The bike is a 1981 SR-250T, Yamaha Exciter, red of course.
My first motorcycle ever was a blue SR250, which I bought (with some parental help and against their wishes) in 1992 for $800. I rode that bike all over the country, without knowing one single thing about motorcycles, their care or their maintenance. Of course, I had some issues.
That SR250 (called by my girlfriend at the time the Yammer Hammer) was sold when I got my first big bike, a 1980 Yamaha xs1100, which was a much better motorcycle for the long trips I was starting to do more of, with it’s massive engine it could keep up and more on the interstates, and trips that used to take all day would now be nothing to mention.
But I missed the little 250, and was sad to see it go. So I kept my eyes out for another one I could pick up. Time passed, and I found myself engaged to a lovely woman who wanted to learn to ride a motorcycle of her own. This kicked my search into high gear (because how cool would it be if we both started on the same model motorcycle?) and I found one we purchased and cleaned up together. This one was red, and came with a locking truck (a feature of the T model, though a VIN check showed her bike wasn’t actually a T).
She rode the bike out to Rapid City, SD, and other places, but eventually decided (as I had) that she wanted a larger bike. I helped her find and buy a Moto Guzzi, but she made some other (much worse) choices that resulted in the engagement ending. She took both bikes when she left, but eventually decided to sell the red SR250 back to me for the sum of $65.
The bike wasn’t running anymore when I got it, the battery was bad and there was terry cloth fluff strung through the carb. Also the vacuum line for the carb was disconnected, which I’m guessing is why she hadn’t been able to get it started.
Once I had the bike back and running I started riding it all over. The high gas prices helped, of course, but it was fun to be on a little bike again. Once I decided to start riding around the planet, and posted on Horizons Unlimited a question about which bike I should use for the trip (Limiting the choices to the bike I already owned, and were in good running condition) the little 250 was the overwhelming choice.
So through 2010 I worked on the bike, assembled some spares, and worked out how much of what I could easily carry. I had gotten used to long trips on larger bikes, and the limits of the 250 added an interesting challenge. In the fall, the bike went into my Mechanic’s for a winter of overhauls and final tuning up. And then things went a little wrong.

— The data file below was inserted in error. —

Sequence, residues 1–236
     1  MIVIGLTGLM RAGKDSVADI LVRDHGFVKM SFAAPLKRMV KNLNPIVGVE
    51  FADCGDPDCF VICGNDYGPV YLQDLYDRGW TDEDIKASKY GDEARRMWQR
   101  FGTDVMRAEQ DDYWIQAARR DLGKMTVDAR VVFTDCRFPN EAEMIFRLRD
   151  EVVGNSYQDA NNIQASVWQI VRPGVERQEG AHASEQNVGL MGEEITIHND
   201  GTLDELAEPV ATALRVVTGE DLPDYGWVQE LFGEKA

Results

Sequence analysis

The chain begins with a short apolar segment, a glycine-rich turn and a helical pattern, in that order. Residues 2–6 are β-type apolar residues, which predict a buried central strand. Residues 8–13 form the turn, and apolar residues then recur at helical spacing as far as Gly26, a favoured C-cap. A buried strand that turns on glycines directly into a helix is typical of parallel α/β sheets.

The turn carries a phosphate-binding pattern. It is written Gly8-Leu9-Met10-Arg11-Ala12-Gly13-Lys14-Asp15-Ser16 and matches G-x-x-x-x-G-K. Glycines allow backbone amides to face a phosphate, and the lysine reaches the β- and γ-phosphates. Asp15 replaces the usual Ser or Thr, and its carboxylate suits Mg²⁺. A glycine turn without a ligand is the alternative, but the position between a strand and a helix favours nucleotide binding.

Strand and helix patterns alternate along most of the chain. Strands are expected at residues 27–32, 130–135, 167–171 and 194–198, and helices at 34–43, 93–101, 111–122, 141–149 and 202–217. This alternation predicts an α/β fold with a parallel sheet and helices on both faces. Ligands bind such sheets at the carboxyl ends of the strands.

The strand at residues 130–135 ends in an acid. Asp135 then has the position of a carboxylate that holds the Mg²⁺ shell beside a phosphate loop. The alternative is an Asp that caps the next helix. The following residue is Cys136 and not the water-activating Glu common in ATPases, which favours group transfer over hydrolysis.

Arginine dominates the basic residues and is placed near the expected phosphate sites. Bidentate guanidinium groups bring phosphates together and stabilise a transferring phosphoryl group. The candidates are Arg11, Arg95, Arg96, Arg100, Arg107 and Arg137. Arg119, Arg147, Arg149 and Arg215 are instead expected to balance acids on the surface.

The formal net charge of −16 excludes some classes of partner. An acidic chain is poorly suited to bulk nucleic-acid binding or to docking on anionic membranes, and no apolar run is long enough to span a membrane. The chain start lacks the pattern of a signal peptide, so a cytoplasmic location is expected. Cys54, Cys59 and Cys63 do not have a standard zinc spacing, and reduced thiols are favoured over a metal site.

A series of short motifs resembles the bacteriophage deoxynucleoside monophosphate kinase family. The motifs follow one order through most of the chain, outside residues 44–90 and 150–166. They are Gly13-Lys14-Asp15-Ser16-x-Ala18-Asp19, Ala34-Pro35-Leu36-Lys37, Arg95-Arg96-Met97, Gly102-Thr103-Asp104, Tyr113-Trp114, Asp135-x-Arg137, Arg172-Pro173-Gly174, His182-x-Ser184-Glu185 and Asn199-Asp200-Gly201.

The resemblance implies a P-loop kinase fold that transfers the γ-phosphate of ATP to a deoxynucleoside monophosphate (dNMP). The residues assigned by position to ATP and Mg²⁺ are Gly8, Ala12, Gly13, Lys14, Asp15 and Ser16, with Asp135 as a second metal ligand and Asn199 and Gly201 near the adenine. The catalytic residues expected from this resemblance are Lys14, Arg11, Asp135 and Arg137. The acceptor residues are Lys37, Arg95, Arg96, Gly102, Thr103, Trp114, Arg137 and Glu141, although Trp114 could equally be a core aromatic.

The intake valve, rocker and possibly even the cam shaft was damaged. The bike was still running fine, but would destroy itself sooner or later, and the cost to replace those parts were about 10 times what I had paid for the bike. After a lot of talking with my mechanic and other friends, I decided to drop the 250, and instead use my 2007 Ural Patrol.
So the winter was spent getting things set up for the Ural, extra parts and repairs. The Ural is also my primary transport in the winter, so a plan was hatched to get it in to my mechanic as soon as spring arrived for whatever work could be gotten done before I left. But spring was late in coming in 2011, and I decided to take the Ural on a test road trip to the Overland Expo in Amado, Arizona, a 4,000 mile round trip.
The trip didn’t go well, despite my trying to plan the trip highlighting the advantages the Ural brought to the table (mainly the increased storage and being able to live “off the gird” longer), but even before I reached the Expo, after a couple long talks with my mechanic back in Milwaukee, the plan had switched back to taking the SR250, and what needed to be done to make it road ready.
Back in Milwaukee, I started looking for a complete parts bike, to handle all the little replacements needing to be done without spending the time and money for new bits. Instead I got incredibly lucky and found a complete, running and titled SR250T in Peoria IL, and with the help of a friend managed to go and pick it up right away. With only 1/3 of the miles on my current SR, and none of the issues, it was promoted to the Trip Bike, and the other surrendered whatever parts I felt I needed to swap or carry as a spare.
Very little was found wrong with the new bike, and it was quickly and easily made ready. I have a long standing habit of naming motorcycles, usually something dire to match my last name (Pain), the xs11s were called Misery and Suffering for example. On the suggestion of a friend a lighter name has been added to the new SR250T – Curiosity.